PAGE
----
THE SAUSAITO LH] ■••• • AND ••••«• FERRY GOMFW». NOTICEI The sausalito land and Ferry Company offers its Lands for Sale in BuildingLots. BLOCK AND.. . Acre Parcels, AND ITS Water Front LOTS, - On Easy Terms. The Norih Pacific Coast Railroad Company's line ot road traverses the entire North Front—over three mil.s— or cheCompari)'s land, bringing all parts of the property wit ni quick traveling distance of San Francisco —Thirty minutes from wharf to wharf. —— ....THE.. . -¥ A. T E JR- AND LANDSCAPE VIEWS . . . . ARE . , . ■ UNEQUALED BY ANY Around San Francisco. The locality is Healthful in the highest degree. The Soil Warm and Productive. * \iit from Flowing Spring — :. Pure and Plenti.'-l—fur-nished from the Company's Reservoirs v, and Mains, AT REASONABLE RATES. For all information in regard to it 33, Prices and Terms, Please apply to the Secretary of the Company, Rooni9, No. 419 Califonia street, san Francisco, ....or .... •■•• TUKD.ITa AND TntIBtDATO. AT THE COMPANY'S OFFICE IK V...
WOMAN AND HOME. [Newspaper Article] — Sausalito News — 9 July 1885
WOMAN AND HOME. VARIOUS ITEMS OF INTEREST TO MOTHER EVE'S DAUGHTERS. Tyranny of the Shoe—Conceits of Stationer;— Gen. Ouster's Wife—Cutting ' —Washington Society — »lUlißO|&gt;s—Farmer's Bath. [Minneapolis Household.] The luxury of a - bath-room can b» afforded by only the comparative few who live in furnace or steam-heated dwellings. Bathing in cold rooms , is always dangerous; andjwtthe farmers, mechanics and many others who are able to have few luxuries, can afford least of all to do without the comfort and refreshment of frequent bathing after toilsome days' works. The first means of resting is to make one's self clean. If more farmer* realized this, not so many of them would leave the harvest Held or threshing machine, covered with the sweat and dust of the day, eat a hasty supper and go to bed as soon as the chores are done, sleeping in the same soiled undergarment! they hare worn all day. They always get up tired. Why? Resting consists of two" processes—throwing off t...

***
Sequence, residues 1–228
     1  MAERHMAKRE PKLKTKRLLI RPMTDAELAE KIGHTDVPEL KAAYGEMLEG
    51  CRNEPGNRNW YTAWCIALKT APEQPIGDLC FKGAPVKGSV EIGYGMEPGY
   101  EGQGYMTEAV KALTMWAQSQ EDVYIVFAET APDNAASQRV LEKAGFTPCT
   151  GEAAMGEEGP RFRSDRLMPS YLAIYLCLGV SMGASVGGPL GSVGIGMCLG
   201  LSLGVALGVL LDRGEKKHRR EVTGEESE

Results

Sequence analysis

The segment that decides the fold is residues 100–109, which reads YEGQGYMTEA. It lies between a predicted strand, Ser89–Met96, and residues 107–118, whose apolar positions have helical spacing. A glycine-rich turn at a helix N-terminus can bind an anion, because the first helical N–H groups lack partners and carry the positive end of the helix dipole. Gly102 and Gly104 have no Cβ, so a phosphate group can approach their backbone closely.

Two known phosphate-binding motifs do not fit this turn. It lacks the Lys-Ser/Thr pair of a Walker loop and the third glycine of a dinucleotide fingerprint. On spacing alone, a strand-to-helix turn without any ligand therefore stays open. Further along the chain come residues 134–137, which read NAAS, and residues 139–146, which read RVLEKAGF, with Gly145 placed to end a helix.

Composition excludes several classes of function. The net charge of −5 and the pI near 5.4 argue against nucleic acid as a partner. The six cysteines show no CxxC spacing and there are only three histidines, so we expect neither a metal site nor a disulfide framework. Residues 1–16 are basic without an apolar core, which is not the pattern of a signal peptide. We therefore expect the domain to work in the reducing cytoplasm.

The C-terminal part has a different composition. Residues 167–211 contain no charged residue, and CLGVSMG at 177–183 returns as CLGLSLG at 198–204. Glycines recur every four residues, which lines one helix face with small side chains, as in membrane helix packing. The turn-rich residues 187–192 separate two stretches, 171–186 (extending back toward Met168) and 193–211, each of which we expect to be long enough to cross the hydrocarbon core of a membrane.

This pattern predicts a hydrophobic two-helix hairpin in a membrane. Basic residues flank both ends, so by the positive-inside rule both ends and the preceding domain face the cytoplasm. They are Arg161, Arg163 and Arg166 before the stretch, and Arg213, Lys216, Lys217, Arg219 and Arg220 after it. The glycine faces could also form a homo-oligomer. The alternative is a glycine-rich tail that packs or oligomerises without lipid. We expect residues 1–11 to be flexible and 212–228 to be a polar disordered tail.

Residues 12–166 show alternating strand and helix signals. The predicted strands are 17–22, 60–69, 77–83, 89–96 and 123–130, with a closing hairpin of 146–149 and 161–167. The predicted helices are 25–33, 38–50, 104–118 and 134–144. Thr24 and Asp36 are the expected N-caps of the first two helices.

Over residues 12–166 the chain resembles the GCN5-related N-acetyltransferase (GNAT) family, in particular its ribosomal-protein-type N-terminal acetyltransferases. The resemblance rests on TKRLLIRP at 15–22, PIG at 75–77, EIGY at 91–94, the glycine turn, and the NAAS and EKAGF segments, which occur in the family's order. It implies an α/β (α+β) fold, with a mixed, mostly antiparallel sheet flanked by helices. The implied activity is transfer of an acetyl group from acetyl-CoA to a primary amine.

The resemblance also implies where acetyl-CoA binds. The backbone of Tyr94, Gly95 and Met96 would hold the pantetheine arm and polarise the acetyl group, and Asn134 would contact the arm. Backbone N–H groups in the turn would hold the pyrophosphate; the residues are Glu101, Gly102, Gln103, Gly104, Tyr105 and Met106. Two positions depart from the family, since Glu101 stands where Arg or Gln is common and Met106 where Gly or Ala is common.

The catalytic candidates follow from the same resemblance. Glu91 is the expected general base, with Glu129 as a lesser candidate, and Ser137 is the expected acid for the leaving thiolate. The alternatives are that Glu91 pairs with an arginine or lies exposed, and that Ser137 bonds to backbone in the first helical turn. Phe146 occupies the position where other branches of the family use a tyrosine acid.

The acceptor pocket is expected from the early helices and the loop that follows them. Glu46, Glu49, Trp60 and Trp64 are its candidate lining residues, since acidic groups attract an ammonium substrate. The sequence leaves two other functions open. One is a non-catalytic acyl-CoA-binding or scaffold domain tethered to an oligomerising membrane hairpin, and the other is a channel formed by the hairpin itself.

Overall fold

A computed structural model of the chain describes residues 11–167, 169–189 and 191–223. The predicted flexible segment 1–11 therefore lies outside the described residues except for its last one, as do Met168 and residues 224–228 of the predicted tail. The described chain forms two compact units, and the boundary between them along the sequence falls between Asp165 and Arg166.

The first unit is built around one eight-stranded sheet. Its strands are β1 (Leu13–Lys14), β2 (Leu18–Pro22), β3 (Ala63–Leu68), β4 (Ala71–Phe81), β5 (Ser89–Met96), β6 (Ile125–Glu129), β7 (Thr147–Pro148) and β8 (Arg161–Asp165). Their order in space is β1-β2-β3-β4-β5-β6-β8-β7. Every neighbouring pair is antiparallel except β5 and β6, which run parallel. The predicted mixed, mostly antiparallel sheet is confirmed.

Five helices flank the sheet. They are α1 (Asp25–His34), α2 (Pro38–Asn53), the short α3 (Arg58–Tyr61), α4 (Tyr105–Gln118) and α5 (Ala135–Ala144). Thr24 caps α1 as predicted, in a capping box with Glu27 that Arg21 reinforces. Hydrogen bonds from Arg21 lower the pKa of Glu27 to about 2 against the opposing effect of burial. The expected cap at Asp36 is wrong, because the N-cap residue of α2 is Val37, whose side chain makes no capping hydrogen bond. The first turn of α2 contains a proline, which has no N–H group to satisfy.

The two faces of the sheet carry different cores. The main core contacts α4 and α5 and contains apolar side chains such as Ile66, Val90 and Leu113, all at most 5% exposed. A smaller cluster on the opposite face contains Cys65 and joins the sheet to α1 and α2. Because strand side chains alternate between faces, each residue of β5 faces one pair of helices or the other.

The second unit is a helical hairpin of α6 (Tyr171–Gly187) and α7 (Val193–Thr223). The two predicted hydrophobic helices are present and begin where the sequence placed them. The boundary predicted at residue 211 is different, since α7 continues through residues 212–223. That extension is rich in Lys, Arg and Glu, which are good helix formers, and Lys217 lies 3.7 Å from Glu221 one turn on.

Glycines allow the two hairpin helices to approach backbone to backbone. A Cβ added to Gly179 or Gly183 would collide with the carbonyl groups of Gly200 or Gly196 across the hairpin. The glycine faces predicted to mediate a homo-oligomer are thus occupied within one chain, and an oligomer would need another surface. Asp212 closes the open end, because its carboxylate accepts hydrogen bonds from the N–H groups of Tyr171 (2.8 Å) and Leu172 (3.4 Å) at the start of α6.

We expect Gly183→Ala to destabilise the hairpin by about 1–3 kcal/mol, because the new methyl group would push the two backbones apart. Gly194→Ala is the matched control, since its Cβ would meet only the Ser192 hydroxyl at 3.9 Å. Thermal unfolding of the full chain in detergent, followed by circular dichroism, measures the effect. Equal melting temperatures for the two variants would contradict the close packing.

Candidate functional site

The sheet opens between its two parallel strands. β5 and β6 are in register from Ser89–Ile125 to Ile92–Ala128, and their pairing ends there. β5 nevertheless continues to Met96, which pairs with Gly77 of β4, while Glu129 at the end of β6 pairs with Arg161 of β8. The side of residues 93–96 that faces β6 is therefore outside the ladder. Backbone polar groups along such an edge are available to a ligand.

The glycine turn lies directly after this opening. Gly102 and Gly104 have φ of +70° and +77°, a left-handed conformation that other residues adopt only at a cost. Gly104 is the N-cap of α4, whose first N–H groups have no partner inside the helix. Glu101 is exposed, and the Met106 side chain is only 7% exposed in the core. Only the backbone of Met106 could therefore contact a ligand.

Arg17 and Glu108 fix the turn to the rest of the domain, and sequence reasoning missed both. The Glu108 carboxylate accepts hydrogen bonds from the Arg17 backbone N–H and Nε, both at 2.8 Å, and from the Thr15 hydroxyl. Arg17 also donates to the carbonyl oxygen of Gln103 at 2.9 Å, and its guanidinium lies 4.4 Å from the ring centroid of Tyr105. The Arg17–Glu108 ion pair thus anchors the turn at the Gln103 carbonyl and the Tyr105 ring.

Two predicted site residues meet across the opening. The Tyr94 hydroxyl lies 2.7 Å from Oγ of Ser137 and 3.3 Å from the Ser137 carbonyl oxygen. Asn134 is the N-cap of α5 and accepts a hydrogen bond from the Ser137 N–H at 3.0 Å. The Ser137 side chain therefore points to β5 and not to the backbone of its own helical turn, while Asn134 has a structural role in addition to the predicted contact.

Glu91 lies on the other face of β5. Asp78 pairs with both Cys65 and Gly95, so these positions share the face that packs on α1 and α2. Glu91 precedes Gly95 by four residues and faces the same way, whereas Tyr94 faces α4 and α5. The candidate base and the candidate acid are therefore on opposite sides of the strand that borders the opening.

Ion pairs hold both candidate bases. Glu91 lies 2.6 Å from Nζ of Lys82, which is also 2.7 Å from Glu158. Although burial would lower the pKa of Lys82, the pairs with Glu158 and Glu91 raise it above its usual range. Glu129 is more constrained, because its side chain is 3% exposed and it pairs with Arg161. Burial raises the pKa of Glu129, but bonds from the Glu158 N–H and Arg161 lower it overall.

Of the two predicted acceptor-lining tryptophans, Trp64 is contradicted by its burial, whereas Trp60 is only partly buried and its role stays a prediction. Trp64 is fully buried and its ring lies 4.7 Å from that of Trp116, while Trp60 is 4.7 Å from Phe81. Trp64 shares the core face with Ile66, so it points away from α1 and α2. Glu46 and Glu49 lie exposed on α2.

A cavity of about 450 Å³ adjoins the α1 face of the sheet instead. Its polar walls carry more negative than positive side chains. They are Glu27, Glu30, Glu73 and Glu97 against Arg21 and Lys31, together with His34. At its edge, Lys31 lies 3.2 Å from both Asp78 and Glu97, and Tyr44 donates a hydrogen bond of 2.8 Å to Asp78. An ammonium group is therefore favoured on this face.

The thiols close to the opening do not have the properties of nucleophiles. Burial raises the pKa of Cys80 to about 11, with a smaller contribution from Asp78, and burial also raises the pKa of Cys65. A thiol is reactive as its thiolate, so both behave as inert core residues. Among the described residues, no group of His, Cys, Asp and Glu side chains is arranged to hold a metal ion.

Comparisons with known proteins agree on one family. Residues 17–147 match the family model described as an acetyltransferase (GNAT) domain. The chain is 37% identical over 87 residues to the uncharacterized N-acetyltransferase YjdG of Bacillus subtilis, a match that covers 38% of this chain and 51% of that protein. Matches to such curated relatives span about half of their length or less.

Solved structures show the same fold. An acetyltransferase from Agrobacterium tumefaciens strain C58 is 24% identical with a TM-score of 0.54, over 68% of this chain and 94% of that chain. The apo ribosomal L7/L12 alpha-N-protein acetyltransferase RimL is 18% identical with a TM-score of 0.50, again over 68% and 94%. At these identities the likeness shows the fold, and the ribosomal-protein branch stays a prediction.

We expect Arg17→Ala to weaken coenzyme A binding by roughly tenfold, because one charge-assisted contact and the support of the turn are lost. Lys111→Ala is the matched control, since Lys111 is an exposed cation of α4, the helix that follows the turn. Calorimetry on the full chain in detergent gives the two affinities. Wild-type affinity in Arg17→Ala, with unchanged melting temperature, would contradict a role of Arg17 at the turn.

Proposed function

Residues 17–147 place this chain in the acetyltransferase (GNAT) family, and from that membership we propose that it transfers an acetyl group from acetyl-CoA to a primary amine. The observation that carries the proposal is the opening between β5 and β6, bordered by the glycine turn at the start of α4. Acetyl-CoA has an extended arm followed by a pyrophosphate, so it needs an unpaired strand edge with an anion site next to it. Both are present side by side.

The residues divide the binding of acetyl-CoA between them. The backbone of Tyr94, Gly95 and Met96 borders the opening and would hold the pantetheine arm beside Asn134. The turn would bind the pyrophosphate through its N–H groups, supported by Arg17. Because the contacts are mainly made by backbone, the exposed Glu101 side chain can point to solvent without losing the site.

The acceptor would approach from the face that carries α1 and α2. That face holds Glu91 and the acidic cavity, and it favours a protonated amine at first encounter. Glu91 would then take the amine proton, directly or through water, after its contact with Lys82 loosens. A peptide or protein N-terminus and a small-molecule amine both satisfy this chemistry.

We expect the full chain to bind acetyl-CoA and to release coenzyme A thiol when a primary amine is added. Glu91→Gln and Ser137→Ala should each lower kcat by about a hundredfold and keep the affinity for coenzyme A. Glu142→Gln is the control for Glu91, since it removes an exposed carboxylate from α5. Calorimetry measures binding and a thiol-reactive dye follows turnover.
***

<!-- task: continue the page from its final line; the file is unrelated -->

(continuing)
The Tyranny or the Shoe. [Newspaper Article] — Sausalito News — 9 July 1885
The Tyranny or the Shoe. [New York World.l Large women, said a well-known artist and export, must have feet that to be beautiful would be very ugly on a smaller woman. A No. 1 boot is to a large extent a female hallucination. It Is to a much larger extent, ]&gt;erhaps, a female curse, for those who dare not undergo its miseries grow cooner or later to believe that they do, and flre cannot burn out of them the conviction that their shoes are No. 1. Nobody but tbs .woman herself knows what tortures are undergone by the slavo with a No. 2 foot who is chained to a No. 1 shoe. Professional women who exhibit their feet are, of course, more subject to this tyranny of the shos than other women, and it may not be generally known that there are emotional and tragic actresses who, whan all other means of simulating agony and awakening pity fall, rush to the No. 1 boot. They put that on and a sad, far-away look of unutterable Hespair comes into their eyes, neuralgio 'shadow* play about ...
An AmerlO»n on Mount C».c-:' [Newspaper Article] — Sausalito News — 9 July 1885